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Oscar Janiger, LSD pioneer, 83

Celebrity LSD pioneer dies

By Sarah Tippit

LOS ANGELES (Reuters) - Oscar Janiger, a Beverly Hills psychiatrist who
"turned on" scores of artists, intellectuals and elite members of
Hollywood's entertainment community, including the late Cary Grant, to the
psychedelic drug LSD in the 1950s and 1960s, has died at 83.

Janiger died on Tuesday of kidney and heart failure at Little Company of
Mary Hospital in suburban Torrance, spokeswoman Laurie Hanley said. He
maintained a therapy practice until just a few weeks before the end of his

>From 1954 until 1962 -- four years before LSD was declared illegal --
Janiger was one of the first researchers to probe the drug's potential for
enhancing intellect and creativity. He incorporated the drug into his
therapy and handed it out to an estimated 1,000 volunteers including such
luminaries as novelists Anais Nin and Aldous Huxley, actors Cary Grant and
Jack Nicholson, and conductor/composer Andre Previn.

Janiger often said he was particularly interested in artists' ability to
access a state of altered consciousness in uniform conditions using this
"creativity pill," which he saw as a "marvellous instrument to learn more
about the mind."

Although his research predated that of Timothy Leary, it was never widely
recognised because he never published his data.

Born in 1918 in New York, Janiger became interested in psychiatry at age 7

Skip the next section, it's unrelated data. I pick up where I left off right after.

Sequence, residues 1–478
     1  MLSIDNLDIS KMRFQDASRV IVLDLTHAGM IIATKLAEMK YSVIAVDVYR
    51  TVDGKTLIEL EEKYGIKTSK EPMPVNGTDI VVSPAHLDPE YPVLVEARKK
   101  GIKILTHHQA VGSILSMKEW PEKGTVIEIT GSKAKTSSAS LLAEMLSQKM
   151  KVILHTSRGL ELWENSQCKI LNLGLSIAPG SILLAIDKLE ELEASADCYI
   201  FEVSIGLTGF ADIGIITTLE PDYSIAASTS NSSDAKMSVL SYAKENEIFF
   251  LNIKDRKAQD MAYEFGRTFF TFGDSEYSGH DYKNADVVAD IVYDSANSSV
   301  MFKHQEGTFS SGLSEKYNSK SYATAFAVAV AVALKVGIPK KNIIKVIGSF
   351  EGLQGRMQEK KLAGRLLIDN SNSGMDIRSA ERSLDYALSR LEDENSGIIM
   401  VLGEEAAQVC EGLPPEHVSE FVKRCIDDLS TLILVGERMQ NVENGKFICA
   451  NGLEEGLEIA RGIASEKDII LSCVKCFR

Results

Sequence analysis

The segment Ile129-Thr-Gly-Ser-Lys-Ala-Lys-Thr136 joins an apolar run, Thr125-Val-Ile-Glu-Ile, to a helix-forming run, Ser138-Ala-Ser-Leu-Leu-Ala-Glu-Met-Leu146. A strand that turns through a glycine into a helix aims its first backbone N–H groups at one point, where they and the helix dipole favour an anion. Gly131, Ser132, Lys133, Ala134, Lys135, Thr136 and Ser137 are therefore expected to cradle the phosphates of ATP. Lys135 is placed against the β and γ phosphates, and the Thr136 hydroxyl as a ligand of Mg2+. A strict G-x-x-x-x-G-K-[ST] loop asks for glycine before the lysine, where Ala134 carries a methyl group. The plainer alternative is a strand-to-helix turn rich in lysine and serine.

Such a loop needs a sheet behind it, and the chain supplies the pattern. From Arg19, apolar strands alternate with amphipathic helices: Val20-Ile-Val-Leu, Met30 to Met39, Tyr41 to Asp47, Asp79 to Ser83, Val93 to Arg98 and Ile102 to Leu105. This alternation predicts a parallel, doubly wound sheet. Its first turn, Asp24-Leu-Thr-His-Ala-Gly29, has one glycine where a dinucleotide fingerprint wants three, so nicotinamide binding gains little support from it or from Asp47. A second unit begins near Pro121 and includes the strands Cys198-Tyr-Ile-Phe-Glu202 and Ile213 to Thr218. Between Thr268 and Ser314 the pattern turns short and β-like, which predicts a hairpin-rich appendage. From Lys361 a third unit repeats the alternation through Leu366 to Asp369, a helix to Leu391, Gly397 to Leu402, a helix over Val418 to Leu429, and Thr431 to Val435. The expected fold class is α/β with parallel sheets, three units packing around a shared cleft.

when, upon taking long walks in the country, he realised that his
imagination could create a whole new cast of characters on the same long
road each night.

"From then on when I'd get into situations, I'd determine what aspect that
was within me was being projected outward, and what was a reflection of
the world that others can validate along with me. That, of course, has
been the theme of my work in therapy and as a scientist," he said during a
1990 interview.


Janiger received his MA in cell physiology from Columbia University. For a
time he worked as a New York City high school teacher but got reprimanded
for pasting stars on the classroom ceiling. He ultimately quit after being
reprimanded again for bringing mouldy bread, cheese and wine into the
classroom to teach children about the advent of penicillin.

He went on to the University of California Irvine School of Medicine,
where he served on the faculty in their Psychiatric department for more
than 20 years in addition to maintaining a private practice in Beverly

Unlike the LSD field tests conducted by the United States government,
Janiger's subjects were fully aware they were being given the drug and
each paid $20 for a "hit" of "acid" which was made by a Swiss
pharmaceutical firm.

Janiger gave his patients the LSD in a room that adjoined a garden in his
office rather than hospital or prison settings that had typically been
used in previous government tests. He personally took LSD 13 times and
said that it helped him see that "many, many things were possible."

About 70 of his patients took part in a creativity experiment in which he
asked them to paint or draw an American Indian

Kachina Doll before taking the LSD and then again one hour after taking
it. Some 250 works of art were created during those sessions.

Affectionately nicknamed "Oz," as in "wizard," by his friends, Janiger's
interests were wide ranging. After LSD was outlawed in 1966 he remained an
advocate of the drug but turned his attention to other research.

Among his many accomplishments he established a relationship between
hormonal cycling and pre-menstrual depression in women, discovered blood
proteins specific to male homosexuality, and determined through studies of
the Huichol Indians in Mexico that centuries of peyote use do not cause
chromosomal damage.

He is survived by a sister and two sons. 

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